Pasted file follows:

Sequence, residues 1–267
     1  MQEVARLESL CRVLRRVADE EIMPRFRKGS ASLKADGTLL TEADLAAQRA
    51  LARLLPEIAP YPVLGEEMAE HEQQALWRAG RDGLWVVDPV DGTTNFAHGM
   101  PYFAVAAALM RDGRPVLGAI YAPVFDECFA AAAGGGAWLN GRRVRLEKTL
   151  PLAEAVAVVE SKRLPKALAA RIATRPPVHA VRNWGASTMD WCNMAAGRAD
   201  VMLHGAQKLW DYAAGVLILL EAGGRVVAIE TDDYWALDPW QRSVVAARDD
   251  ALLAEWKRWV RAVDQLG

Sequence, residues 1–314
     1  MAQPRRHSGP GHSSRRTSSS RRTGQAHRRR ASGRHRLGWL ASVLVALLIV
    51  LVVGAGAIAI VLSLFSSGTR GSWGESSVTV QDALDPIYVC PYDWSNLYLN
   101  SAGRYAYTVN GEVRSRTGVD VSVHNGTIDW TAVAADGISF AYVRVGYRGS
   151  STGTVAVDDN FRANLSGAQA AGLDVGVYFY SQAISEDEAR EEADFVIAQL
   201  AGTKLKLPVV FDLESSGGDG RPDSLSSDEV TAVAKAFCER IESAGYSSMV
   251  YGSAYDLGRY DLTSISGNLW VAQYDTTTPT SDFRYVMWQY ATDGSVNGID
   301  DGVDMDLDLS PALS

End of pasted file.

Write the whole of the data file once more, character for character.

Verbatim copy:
Sequence, residues 1–267
     1  MQEVARLESL CRVLRRVADE EIMPRFRKGS ASLKADGTLL TEADLAAQRA
    51  LARLLPEIAP YPVLGEEMAE HEQQALWRAG RDGLWVVDPV DGTTNFAHGM
   101  PYFAVAAALM RDGRPVLGAI YAPVFDECFA AAAGGGAWLN GRRVRLEKTL
   151  PLAEAVAVVE SKRLPKALAA RIATRPPVHA VRNWGASTMD WCNMAAGRAD
   201  VMLHGAQKLW DYAAGVLILL EAGGRVVAIE TDDYWALDPW QRSVVAARDD
   251  ALLAEWKRWV RAVDQLG

Sequence, residues 1–314
     1  MAQPRRHSGP GHSSRRTSSS RRTGQAHRRR ASGRHRLGWL ASVLVALLIV
    51  LVVGAGAIAI VLSLFSSGTR GSWGESSVTV QDALDPIYVC PYDWSNLYLN
   101  SAGRYAYTVN GEVRSRTGVD VSVHNGTIDW TAVAADGISF AYVRVGYRGS
   151  STGTVAVDDN FRANLSGAQA AGLDVGVYFY SQAISEDEAR EEADFVIAQL
   201  AGTKLKLPVV FDLESSGGDG RPDSLSSDEV TAVAKAFCER IESAGYSSMV
   251  YGSAYDLGRY DLTSISGNLW VAQYDTTTPT SDFRYVMWQY ATDGSVNGID
   301  DGVDMDLDLS PALS